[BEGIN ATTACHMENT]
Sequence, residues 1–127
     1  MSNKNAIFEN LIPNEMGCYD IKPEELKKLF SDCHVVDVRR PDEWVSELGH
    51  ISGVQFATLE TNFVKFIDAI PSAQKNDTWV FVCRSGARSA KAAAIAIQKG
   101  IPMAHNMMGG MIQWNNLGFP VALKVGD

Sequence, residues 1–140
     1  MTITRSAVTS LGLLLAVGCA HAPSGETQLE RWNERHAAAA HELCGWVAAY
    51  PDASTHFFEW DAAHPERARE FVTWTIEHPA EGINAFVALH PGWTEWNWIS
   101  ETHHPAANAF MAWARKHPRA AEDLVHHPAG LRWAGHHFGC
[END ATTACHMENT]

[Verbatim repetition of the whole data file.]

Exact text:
Sequence, residues 1–127
     1  MSNKNAIFEN LIPNEMGCYD IKPEELKKLF SDCHVVDVRR PDEWVSELGH
    51  ISGVQFATLE TNFVKFIDAI PSAQKNDTWV FVCRSGARSA KAAAIAIQKG
   101  IPMAHNMMGG MIQWNNLGFP VALKVGD

Sequence, residues 1–140
     1  MTITRSAVTS LGLLLAVGCA HAPSGETQLE RWNERHAAAA HELCGWVAAY
    51  PDASTHFFEW DAAHPERARE FVTWTIEHPA EGINAFVALH PGWTEWNWIS
   101  ETHHPAANAF MAWARKHPRA AEDLVHHPAG LRWAGHHFGC